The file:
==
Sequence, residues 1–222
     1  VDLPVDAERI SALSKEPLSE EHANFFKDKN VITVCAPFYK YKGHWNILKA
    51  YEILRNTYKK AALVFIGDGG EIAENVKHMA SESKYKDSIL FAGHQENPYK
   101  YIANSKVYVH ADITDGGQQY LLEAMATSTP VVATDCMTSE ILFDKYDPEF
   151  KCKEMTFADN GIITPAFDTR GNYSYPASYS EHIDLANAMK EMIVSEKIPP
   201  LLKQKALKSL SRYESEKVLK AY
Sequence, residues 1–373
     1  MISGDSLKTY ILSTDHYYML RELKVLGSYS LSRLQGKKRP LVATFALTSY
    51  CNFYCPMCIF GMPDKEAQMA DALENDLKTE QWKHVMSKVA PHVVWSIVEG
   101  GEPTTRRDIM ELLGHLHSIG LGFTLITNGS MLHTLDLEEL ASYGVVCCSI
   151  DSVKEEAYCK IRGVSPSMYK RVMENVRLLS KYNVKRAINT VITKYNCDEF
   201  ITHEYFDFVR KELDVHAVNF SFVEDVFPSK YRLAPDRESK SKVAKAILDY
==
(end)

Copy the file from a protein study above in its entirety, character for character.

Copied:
Sequence, residues 1–222
     1  VDLPVDAERI SALSKEPLSE EHANFFKDKN VITVCAPFYK YKGHWNILKA
    51  YEILRNTYKK AALVFIGDGG EIAENVKHMA SESKYKDSIL FAGHQENPYK
   101  YIANSKVYVH ADITDGGQQY LLEAMATSTP VVATDCMTSE ILFDKYDPEF
   151  KCKEMTFADN GIITPAFDTR GNYSYPASYS EHIDLANAMK EMIVSEKIPP
   201  LLKQKALKSL SRYESEKVLK AY
Sequence, residues 1–373
     1  MISGDSLKTY ILSTDHYYML RELKVLGSYS LSRLQGKKRP LVATFALTSY
    51  CNFYCPMCIF GMPDKEAQMA DALENDLKTE QWKHVMSKVA PHVVWSIVEG
   101  GEPTTRRDIM ELLGHLHSIG LGFTLITNGS MLHTLDLEEL ASYGVVCCSI
   151  DSVKEEAYCK IRGVSPSMYK RVMENVRLLS KYNVKRAINT VITKYNCDEF
   201  ITHEYFDFVR KELDVHAVNF SFVEDVFPSK YRLAPDRESK SKVAKAILDY